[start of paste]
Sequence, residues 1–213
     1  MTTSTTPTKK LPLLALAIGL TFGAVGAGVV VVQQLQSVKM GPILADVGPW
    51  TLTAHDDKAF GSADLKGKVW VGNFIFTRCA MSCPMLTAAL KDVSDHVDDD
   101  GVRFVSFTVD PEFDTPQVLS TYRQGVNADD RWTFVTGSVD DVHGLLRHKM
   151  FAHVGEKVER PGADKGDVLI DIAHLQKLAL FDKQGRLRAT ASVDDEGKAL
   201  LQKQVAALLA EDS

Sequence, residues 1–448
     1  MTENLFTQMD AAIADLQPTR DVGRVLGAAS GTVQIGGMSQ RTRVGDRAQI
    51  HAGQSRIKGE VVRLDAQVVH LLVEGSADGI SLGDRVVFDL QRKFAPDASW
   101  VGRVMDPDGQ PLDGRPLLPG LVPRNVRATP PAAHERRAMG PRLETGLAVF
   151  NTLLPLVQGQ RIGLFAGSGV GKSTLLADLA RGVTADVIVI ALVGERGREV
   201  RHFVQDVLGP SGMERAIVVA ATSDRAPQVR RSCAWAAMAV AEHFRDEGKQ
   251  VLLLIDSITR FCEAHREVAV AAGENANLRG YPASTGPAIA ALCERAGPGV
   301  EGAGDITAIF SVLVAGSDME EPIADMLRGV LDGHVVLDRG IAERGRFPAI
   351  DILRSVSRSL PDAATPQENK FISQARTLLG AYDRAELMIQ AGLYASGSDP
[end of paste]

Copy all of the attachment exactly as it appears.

Sequence, residues 1–213
     1  MTTSTTPTKK LPLLALAIGL TFGAVGAGVV VVQQLQSVKM GPILADVGPW
    51  TLTAHDDKAF GSADLKGKVW VGNFIFTRCA MSCPMLTAAL KDVSDHVDDD
   101  GVRFVSFTVD PEFDTPQVLS TYRQGVNADD RWTFVTGSVD DVHGLLRHKM
   151  FAHVGEKVER PGADKGDVLI DIAHLQKLAL FDKQGRLRAT ASVDDEGKAL
   201  LQKQVAALLA EDS

Sequence, residues 1–448
     1  MTENLFTQMD AAIADLQPTR DVGRVLGAAS GTVQIGGMSQ RTRVGDRAQI
    51  HAGQSRIKGE VVRLDAQVVH LLVEGSADGI SLGDRVVFDL QRKFAPDASW
   101  VGRVMDPDGQ PLDGRPLLPG LVPRNVRATP PAAHERRAMG PRLETGLAVF
   151  NTLLPLVQGQ RIGLFAGSGV GKSTLLADLA RGVTADVIVI ALVGERGREV
   201  RHFVQDVLGP SGMERAIVVA ATSDRAPQVR RSCAWAAMAV AEHFRDEGKQ
   251  VLLLIDSITR FCEAHREVAV AAGENANLRG YPASTGPAIA ALCERAGPGV
   301  EGAGDITAIF SVLVAGSDME EPIADMLRGV LDGHVVLDRG IAERGRFPAI
   351  DILRSVSRSL PDAATPQENK FISQARTLLG AYDRAELMIQ AGLYASGSDP